September 21, 2007, 1:44 pm
The Bridge to Nowhere Gets Nowhere
By Patrick J. Lyons
Not coming soon: The bridge would have linked Ketchikan (in the foreground) with Gravina Island (in the distance) across the two channels of the Tongass Narrows and Pennock Island in between. That’s the airport runway just beyond the water on the far right. (Photo by Associated Press for The New York Times)
Word is on the wires that the State of Alaska has officially abandoned the $398 million project to build a bridge between Ketchikan, pop. 7,500, and nearby Gravina Island, where the town’s airstrip is located.
The project had become a symbol of budgetary pork, derided as the “bridge to nowhere” because Gravina Island has only a handful of residents and the cost of building the bridge seemed to many to be grossly out of proportion to its benefits. Critics howled after Senator Ted Stevens and Congressman Don Young, both Republicans, managed to get more than $200 million in federal money “earmarked” specifically for the bridge, as a stipulation tacked on to broader legislation with little or no debate.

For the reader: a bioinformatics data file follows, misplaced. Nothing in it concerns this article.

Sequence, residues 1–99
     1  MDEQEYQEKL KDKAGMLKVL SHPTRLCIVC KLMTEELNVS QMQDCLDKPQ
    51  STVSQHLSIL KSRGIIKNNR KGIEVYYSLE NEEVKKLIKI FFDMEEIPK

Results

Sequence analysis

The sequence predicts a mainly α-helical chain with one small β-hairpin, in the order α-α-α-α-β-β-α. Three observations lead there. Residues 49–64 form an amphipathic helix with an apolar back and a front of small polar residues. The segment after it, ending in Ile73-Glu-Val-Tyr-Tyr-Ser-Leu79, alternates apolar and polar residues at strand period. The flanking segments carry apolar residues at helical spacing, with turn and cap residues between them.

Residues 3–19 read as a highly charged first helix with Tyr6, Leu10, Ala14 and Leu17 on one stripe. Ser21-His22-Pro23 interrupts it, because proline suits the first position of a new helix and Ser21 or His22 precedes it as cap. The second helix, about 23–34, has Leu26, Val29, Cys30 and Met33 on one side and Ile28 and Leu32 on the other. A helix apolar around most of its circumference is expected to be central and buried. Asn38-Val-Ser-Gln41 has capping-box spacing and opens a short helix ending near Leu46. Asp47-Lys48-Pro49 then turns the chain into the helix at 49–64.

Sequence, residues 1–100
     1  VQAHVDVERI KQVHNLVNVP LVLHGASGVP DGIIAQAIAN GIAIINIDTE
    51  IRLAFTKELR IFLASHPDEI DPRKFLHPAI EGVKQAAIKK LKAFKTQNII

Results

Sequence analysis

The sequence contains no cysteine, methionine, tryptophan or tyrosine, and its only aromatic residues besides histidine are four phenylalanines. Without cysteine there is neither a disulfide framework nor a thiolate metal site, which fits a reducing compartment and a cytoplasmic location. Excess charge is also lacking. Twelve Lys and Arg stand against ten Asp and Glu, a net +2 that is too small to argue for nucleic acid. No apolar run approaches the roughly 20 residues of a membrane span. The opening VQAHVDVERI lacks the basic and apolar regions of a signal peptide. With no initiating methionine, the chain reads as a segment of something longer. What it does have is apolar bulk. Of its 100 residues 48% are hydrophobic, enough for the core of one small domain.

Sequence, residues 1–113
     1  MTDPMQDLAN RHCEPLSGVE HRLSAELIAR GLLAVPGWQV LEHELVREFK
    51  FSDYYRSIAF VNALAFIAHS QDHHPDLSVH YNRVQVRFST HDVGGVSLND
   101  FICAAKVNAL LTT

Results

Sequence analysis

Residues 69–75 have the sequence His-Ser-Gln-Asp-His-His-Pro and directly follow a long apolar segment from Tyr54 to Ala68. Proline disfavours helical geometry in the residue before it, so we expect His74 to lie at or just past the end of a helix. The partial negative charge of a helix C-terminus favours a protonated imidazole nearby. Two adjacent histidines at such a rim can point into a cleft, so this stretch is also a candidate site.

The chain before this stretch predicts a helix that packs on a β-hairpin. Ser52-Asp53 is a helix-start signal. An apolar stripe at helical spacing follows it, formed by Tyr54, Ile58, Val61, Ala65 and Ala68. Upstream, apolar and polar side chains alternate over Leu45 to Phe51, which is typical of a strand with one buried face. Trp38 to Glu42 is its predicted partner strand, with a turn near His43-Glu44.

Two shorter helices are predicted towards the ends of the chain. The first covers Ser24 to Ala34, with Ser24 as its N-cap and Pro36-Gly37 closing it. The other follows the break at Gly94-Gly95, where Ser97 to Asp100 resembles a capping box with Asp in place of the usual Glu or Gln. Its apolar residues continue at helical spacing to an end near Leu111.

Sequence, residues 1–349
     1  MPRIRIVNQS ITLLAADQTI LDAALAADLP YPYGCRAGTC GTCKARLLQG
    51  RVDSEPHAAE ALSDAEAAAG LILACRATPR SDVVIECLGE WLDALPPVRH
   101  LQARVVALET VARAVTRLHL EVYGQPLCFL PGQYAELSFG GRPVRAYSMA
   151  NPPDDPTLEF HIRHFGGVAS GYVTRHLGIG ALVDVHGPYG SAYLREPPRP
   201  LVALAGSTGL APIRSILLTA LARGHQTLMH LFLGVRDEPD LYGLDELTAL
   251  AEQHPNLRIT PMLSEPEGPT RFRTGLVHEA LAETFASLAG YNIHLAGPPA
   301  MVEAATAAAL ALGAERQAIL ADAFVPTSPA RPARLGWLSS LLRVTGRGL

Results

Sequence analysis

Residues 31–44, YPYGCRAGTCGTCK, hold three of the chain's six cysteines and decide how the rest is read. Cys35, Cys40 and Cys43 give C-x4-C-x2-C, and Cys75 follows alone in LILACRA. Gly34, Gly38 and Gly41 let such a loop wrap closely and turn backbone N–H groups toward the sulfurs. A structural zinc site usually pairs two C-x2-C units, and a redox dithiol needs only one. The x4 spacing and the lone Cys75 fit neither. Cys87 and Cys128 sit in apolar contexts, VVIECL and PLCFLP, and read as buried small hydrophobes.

Mounting public outrage over pork in general and the bridge in particular led Congress to strip the earmark out again; though Alaska still got the money, it was allowed to put it to any appropriate use. Sure enough, it did, leaving the financing for the Ketchikan project about $329 million shy of a bridge’s worth, Governor Sarah Palin (also a Republican) said today, adding that she has told the state transportation department to find a “fiscally responsible” alternative for easing access to the airport.
WALL ST JOURNAL - 9/9/2008:
But Gov. Palin's claim comes with a serious caveat. She endorsed the multimillion dollar project during her gubernatorial race in 2006. And while she did take part in stopping the project after it became a national scandal, she did not return the federal money. She just allocated it elsewhere.